New Tech Solutions, Inc.

B-417956.3: Mar 6, 2020

Additional Materials:

Contact:

Ralph O. White
(202) 512-8278
WhiteRO@gao.gov

Kenneth E. Patton
(202) 512-8205
PattonK@gao.gov

 

Office of Public Affairs
(202) 512-4800
youngc1@gao.gov

New Tech Solutions, Inc., of Fremont, California, protests the elimination of its previously successful quotation from a competition held by the Social Security Administration. The elimination of New Tech's quotation followed our decision sustaining an earlier protest filed by another vendor, NCS Technologies, Inc., of Gainesville, Virginia, challenging the agency's establishment of a blanket purchase agreement (BPA) with New Tech, under request for quotations No. 28321319Q00000008, for laptops, workstations, peripheral equipment, and installation services. New Tech argues that the agency has now wrongly concluded, based on that decision, that New Tech's BPA was based on a Federal Supply Schedule (FSS) contract that would expire during the BPA's period of performance.

We dismiss the protest, as we conclude it, in essence, is an untimely request for reconsideration of our earlier decision.

DOCUMENT FOR PUBLIC RELEASE
The decision issued on the date below was subject to a GAO Protective Order. This redacted version has been approved for public release.

Decision

Matter of:  New Tech Solutions, Inc.

File:  B-417956.3

Date:  March 6, 2020

William T. Welch, Esq., J. Patrick McMahon, Esq., and Johana A. Reed, Esq., McMahon, Welch and Learned, PLLC, for the protester.
Thomas K. David, Esq., Kenneth D. Brody, Esq., and Katherine A. David, Esq., David, Brody & Dondershine, LLP, for NCS Technologies, Inc., the intervenor.
Dorothy M. Guy, Esq., and Tal Kedem, Esq., Social Security Administration, for the agency.
April Y. Shields, Esq., Glenn G. Wolcott, Esq., and Christina Sklarew, Esq., Office of the General Counsel, GAO, participated in the preparation of the decision.

DIGEST

Protest is dismissed as untimely where it is essentially a request for reconsideration of a prior decision filed more than 10 days after the issuance of that decision.

DECISION

New Tech Solutions, Inc., of Fremont, California, protests the elimination of its previously successful quotation from a competition held by the Social Security Administration.  The elimination of New Tech’s quotation followed our decision sustaining an earlier protest filed by another vendor, NCS Technologies, Inc., of Gainesville, Virginia, challenging the agency’s establishment of a blanket purchase agreement (BPA) with New Tech, under request for quotations No. 28321319Q00000008, for laptops, workstations, peripheral equipment, and installation services.  New Tech argues that the agency has now wrongly concluded, based on that decision, that New Tech’s BPA was based on a Federal Supply Schedule (FSS) contract that would expire during the BPA’s period of performance.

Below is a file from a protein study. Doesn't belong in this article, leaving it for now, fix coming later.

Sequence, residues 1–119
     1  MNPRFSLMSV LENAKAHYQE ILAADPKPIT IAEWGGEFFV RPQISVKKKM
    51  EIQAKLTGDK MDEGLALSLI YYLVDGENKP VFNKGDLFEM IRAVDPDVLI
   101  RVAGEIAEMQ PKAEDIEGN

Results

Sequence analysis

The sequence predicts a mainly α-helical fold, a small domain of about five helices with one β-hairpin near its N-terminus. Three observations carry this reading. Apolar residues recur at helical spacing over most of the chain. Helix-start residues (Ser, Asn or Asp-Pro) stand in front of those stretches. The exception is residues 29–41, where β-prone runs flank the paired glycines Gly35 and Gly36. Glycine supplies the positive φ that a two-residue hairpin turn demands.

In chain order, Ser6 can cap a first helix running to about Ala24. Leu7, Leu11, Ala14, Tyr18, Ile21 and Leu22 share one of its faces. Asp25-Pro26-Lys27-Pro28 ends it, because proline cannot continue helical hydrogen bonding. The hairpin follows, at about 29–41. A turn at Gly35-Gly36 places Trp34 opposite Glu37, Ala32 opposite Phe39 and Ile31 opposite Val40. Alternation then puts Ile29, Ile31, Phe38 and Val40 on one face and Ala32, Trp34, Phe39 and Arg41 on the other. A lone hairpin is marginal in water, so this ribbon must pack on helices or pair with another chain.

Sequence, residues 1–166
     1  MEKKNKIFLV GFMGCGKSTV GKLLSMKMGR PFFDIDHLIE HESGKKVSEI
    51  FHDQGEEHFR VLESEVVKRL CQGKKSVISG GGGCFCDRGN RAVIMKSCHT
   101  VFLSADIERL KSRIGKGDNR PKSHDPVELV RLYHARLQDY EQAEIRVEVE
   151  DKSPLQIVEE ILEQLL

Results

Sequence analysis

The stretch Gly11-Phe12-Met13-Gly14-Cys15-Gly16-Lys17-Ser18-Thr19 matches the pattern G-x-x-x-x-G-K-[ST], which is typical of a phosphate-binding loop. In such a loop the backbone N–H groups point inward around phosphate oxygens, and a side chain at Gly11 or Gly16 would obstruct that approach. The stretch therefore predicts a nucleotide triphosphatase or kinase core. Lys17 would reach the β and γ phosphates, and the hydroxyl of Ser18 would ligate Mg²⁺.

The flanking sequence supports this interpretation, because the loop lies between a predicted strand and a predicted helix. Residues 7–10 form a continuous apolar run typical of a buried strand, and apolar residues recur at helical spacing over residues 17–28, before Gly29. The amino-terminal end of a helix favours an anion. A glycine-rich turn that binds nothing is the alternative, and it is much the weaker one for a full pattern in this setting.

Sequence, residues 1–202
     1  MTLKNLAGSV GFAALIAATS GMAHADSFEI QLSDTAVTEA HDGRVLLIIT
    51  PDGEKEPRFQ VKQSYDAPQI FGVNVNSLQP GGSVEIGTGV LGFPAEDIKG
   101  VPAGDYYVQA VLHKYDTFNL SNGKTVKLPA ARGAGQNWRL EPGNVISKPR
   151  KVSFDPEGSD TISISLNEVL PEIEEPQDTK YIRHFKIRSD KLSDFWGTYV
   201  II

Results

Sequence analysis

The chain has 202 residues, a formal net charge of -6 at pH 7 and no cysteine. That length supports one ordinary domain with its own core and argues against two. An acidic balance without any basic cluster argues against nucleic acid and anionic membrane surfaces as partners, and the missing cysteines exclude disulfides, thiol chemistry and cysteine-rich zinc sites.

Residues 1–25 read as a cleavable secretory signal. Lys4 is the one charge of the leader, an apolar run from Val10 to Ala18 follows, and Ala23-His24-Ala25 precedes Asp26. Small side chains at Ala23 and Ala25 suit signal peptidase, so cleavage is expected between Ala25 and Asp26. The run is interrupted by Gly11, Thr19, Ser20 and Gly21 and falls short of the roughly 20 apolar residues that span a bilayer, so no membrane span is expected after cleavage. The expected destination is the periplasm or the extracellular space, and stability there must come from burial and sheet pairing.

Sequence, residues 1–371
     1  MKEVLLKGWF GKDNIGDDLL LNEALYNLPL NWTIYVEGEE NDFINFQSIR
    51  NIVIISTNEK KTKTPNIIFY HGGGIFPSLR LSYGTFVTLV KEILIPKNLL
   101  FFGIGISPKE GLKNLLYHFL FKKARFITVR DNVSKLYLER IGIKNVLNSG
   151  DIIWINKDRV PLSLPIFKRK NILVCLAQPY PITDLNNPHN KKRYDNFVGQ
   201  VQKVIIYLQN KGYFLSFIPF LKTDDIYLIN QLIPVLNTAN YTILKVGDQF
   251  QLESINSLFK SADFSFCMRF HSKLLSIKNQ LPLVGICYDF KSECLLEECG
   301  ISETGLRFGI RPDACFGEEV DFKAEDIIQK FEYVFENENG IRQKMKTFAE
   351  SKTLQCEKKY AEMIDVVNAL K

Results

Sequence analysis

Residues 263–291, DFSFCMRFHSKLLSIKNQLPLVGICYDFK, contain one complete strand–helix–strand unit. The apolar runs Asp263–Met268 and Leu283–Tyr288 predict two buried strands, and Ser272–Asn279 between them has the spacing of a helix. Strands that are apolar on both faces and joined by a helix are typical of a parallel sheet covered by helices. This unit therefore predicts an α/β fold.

We dismiss the protest, as we conclude it, in essence, is an untimely request for reconsideration of our earlier decision.

On December 13, 2019, our Office issued a decision in the protest described above, concluding that New Tech was ineligible to receive the BPA at issue here.  NCS Techs., Inc., B‑417956, B‑417956.2, Dec. 13, 2019, 2019 CPD ¶ 427.  The decision discussed several reasons for finding that New Tech was ineligible for award and that the agency’s establishment of a BPA with New Tech was “improper and inconsistent with applicable procurement law and regulation.”  See id. at 5-11.  Specifically, the decision concluded that New Tech--which held two overlapping FSS contracts when it submitted its final revised quotation--was ineligible for award because its quotation was based on its first FSS contract “which did not meet the RFQ’s period of performance requirements[,] and because it could have, but did not, revise its quotation to be based on its second FSS contract.”  Id. at 11.

In sustaining the protest, the GAO decision stated:

We recommend that the agency cancel this BPA.  We also recommend that the agency evaluate the remaining quotations and make a new selection decision in accordance with the terms of the solicitation.  Alternatively, we recommend that the agency reopen the competition, provide clarification regarding [General Services Administration (GSA)] policy and procedure, request and evaluate final revised quotations, and make a new selection decision in accordance with the terms of the solicitation.

Id.